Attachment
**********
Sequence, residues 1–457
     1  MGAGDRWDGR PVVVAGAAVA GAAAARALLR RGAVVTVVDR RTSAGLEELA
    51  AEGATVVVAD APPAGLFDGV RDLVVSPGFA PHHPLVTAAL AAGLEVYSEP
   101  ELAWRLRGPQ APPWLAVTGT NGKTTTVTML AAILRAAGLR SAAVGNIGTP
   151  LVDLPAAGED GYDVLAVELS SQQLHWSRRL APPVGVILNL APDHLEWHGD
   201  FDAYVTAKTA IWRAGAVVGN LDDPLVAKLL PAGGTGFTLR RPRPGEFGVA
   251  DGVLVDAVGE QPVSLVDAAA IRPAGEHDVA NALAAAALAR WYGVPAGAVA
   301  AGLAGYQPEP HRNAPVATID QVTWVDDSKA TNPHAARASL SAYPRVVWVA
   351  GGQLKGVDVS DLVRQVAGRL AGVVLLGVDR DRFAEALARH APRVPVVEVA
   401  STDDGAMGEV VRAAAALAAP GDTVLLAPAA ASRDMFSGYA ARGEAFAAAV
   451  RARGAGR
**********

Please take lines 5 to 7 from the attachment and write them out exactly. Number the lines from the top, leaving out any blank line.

   151  LVDLPAAGED GYDVLAVELS SQQLHWSRRL APPVGVILNL APDHLEWHGD
   201  FDAYVTAKTA IWRAGAVVGN LDDPLVAKLL PAGGTGFTLR RPRPGEFGVA
   251  DGVLVDAVGE QPVSLVDAAA IRPAGEHDVA NALAAAALAR WYGVPAGAVA